The 2023 Louisiana legislative session kicked off earlier today in Baton Rouge, and a constitutional carry bill introduced by Rep. Danny McCormick looks to be one of the top priorities for GOP lawmakers. Despite the objections of Gov. John Bel Edwards, who previously vetoed a similar measure back in 2020, McCormick says he’s confident that the votes are there to override the governor’s veto this time around; something that failed to happen back in 2021 when a handful of supporters ended up defecting or missing the override vote completely.
A lot has changed in the statehouse since then, including the political bombshell that dropped last month when longtime Rep. Francis Thompson ended 50+ years of allegiance to the Democratic Party and announced that going forward he would be caucusing with Republicans. With Thompson, the GOP now has a veto-proof majority in both chambers of the legislature for the first time in state history, and that has McCormick and other supporters of constitutional carry feeling highly optimistic about Louisiana joining the ranks of the 26 other permitless or constitutional carry states this year.
“The question is why don’t we trust law-abiding citizens with their Second Amendment Rights?” McCormick said.
It will be the fourth time McCormick has carried the measure, which cleared the House easily last year before it stalled in the Senate in the aftermath of the Uvalde, Texas, school shooting where a gunman killed 19 children and two adults.
This year’s bill will be debated in the wake of the most recent school shooting in Nashville where three children and three adults were killed last month.
A murderous and cowardly act that had nothing to do with constitutional carry, obviously. Still, this won’t be the last attempt by anti-gun media and their legislative allies to conflate the fundamental right to bear arms in self-defense with the actions of violent criminals and mass murderers. We’ve already seen plenty of similarly ham-handed efforts from the likes of California’s Gavin Newsom, who claimed on MSNBC over the weekend that Florida’s new permitless carry law will allow violent criminals to carry guns without a background check.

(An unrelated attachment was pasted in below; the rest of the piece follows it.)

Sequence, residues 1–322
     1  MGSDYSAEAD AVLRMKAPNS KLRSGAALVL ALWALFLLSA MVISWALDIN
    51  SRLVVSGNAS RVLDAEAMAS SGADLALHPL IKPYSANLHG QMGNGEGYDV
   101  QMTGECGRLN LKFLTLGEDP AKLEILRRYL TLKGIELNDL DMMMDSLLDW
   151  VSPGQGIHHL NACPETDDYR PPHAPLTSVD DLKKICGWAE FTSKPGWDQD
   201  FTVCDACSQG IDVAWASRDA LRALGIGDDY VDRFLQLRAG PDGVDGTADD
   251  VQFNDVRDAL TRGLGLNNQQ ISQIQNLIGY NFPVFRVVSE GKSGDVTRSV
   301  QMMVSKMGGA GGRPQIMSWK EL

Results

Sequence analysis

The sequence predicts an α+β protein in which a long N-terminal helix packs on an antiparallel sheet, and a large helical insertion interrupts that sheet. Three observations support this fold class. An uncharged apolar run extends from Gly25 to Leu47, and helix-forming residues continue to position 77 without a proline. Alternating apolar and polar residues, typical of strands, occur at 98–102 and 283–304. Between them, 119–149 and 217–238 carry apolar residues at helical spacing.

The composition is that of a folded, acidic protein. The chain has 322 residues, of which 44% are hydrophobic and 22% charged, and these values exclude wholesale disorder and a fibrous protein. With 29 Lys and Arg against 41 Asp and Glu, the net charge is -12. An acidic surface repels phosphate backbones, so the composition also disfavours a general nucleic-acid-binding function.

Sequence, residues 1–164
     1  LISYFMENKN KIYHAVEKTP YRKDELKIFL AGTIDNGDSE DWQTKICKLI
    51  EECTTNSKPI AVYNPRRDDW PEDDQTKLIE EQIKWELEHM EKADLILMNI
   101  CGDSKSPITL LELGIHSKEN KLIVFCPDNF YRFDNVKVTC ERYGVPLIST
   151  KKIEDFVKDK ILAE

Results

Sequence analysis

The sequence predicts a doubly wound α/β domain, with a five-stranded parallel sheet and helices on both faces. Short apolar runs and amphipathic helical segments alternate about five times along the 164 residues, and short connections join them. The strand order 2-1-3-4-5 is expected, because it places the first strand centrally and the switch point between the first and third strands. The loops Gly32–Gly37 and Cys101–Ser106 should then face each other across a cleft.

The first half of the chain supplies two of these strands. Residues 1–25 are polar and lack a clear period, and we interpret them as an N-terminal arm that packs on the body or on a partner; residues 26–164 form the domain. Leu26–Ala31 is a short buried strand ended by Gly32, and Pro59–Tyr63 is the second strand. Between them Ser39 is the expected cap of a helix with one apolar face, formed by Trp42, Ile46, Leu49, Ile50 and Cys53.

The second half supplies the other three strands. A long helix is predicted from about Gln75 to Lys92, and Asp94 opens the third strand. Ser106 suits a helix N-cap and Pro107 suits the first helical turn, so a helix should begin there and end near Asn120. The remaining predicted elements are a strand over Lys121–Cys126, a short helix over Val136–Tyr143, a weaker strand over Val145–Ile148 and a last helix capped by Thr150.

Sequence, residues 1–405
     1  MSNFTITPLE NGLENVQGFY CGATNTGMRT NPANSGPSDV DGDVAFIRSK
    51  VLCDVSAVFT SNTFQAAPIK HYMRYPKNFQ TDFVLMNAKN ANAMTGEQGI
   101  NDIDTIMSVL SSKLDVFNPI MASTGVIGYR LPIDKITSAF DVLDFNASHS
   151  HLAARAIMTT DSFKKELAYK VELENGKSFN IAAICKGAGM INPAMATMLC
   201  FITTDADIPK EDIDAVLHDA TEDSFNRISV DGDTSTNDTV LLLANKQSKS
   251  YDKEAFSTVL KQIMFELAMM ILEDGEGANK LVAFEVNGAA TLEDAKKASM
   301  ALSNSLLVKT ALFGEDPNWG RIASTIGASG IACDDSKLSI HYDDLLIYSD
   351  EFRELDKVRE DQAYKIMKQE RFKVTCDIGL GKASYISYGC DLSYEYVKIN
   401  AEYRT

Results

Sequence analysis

.@GavinNewsom on Gov. Ron DeSantis signing a permitless concealed carry bill into law at a nonpublic event in his office: He’s “scared to death.”@jrpsaki: “Who’s he scared of?”
Newsom: “Scared of the people.” pic.twitter.com/JkmntocikA
— Inside with Jen Psaki (@InsideWithPsaki) April 9, 2023
Unlike California, of course, where the state’s “universal” background check law, 10-day waiting period, and draconian carry laws have completely thwarted criminals from getting ahold of a gun. Well, except for this guy. And this guy. And this guy.
Actually, it looks to me like none of California’s gun laws are doing much to stop prohibited persons from illegally acquiring a firearm, though they’re doing a bang-up job of preventing average residents from being able to carry in self-defense.
The truth is that while permitless carry won’t make violent crime a thing of the past, it doesn’t automatically lead to anarchy in the streets or an uncontrollable crime wave. Last year, for instance, Ohio adopted its own constitutional carry law. Gun control activists swore that Ohio would become a more dangerous place as a result, but that’s not been borne out by reality. In Toledo, the last gun-involved homicide took place more than two months ago, and the city is on pace to show dramatic improvement from the number of murders in recent years. In 2021 the city had 71 homicides, and another 66 took place last year. We’re nearly a third of the way through 2023, and so far Toledo has had just six homicides. That number is likely to dip even lower, since one of the cases is likely to be ruled a justifiable shooting on the part of an armed citizen and another was an officer-involved shooting of a domestic violence suspect who allegedly pointed a gun at responding officers.
These statistics would be virtually impossible if gun control activists were right about the effects of constitutional carry on public safety, which is clearly not the case. We reduce violent crime by focusing on the most violent and prolific offenders and ensuring that there are consequences for their illicit actions, not by criminalizing a fundamental right exercised by tens of millions of Americans across the country, including hundreds of thousands of Louisiana residents. I hope McCormick is right that this will be the year constitutional carry finally comes to the Bayou State, but Louisiana gun owners are going to have to push back against an onslaught of misinformation and fearmongering every step of the way.